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Defrocked priest who abused dozens of Inuit children out of prison

A defrocked Oblate priest who was convicted of dozens of horrendous sexual crimes against Inuit children has been granted parole.
Eric Dejaeger leaves an Iqaluit, Nunavut courtroom on Jan. 20, 2011. A defrocked Oblate priest who has been convicted of dozens of horrendous sexual crimes against Inuit children is now out on parole.THE CANADIAN PRESS/Chris Windeyer

A defrocked Oblate priest who was convicted of dozens of horrendous sexual crimes against Inuit children has been granted parole.

Eric Dejaeger, 75, was sentenced to 19 years for crimes committed between 1978 and 1982 in the Nunavut community of Igloolik, where he was a missionary. The offences included indecent assault, unlawful confinement, buggery, unlawful sexual intercourse and bestiality.

He pleaded guilty to eight counts and was convicted of another 24 on children mostly between the ages of eight and 12. The details were so appalling the judge’s sentencing came with a content warning.

"You were in a position of great trust in relation to the victims, which you used to groom and silence them," said the decision from the Parole Board of Canada. 

"You also used physical violence and caused serious physical injuries to some of the victims. The victims suffered devastating and ongoing emotional and psychological harm."

The May 19 document outlines the conditions of his statutory release, which comes when an offender has served two-thirds of a sentence. His parole comes with a long list of restrictions, including that he must return to an approved residence every night.

The decision did not reveal where Dejaeger is to live.  

Dejaeger can't be around children without the presence of a guardian and must continue therapy for his sexual deviance. He must report any new friendship.

The parole board considers him a low to moderate risk to reoffend. Although he completed different courses of therapy, the board questioned his motivation to change.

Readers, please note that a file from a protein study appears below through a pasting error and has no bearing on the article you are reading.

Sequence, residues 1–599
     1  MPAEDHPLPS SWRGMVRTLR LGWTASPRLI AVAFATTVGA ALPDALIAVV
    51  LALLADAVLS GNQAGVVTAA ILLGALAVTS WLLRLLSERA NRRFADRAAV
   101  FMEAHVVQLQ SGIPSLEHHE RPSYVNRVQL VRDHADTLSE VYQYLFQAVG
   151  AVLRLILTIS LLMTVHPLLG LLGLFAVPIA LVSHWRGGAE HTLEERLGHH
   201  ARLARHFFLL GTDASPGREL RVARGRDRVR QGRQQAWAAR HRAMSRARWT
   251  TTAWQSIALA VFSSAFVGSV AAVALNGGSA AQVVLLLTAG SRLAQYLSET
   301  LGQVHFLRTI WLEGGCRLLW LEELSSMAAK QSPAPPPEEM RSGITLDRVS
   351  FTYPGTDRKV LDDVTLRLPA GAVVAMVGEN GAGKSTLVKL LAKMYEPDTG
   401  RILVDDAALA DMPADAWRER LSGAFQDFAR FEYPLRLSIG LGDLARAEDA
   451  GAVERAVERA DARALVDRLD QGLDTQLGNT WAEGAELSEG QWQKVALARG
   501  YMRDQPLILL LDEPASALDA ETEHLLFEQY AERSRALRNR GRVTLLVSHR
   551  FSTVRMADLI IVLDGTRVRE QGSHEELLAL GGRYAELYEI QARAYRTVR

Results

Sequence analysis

"Regarding change, you presented as being content with yourself," the decision said. "Your self-management plans needed some improvement."

Dejaeger's parole may be the final chapter in his long and tortured history in Canada.

Born in Belgium, he became a Canadian citizen in 1977 and was ordained the following year. 

Before his trial for the Igloolik crimes, Dejaeger had served part of a five-year sentence for sex charges stemming from a posting in Baker Lake, Nunavut, between 1982 and 1989. 

After his release in 1991, Dejaeger learned RCMP were investigating his activities in Igloolik. Before facing trial on those charges, he fled to Belgium.

Oblate officials have acknowledged that they knew Dejaeger was about to depart. They have also said Canadian justice officials suggested that the easiest thing was for him to simply leave Canada, and Dejaeger was told he wouldn't be bothered if he stayed away.

Dejaeger remained in Belgium, performing some functions of a Catholic priest, until 2011, when he was extradited back to Canada over immigration violations. 

He remained in custody until his trial in 2014 and 2015, which roiled many in Nunavut and especially Igloolik.

Before the trial began, the territorial government sent two extra mental health workers to the community. An additional psychiatric nurse was present during video conferencing with the hearing, which was held in Iqaluit.

The serving Catholic priest in Igloolik also had to leave temporarily after receiving threats. 

During the trial, witness after witness left court only to be heard outside, howling and weeping in anguish.

At its end, Justice Robert Kilpatrick pleaded with the victims to find a way to trust again and to find the good in other people. 

This report by The Canadian Press was first published June 7, 2022. 

— Follow Bob Weber on Twitter at @row1960

Bob Weber, The Canadian Press

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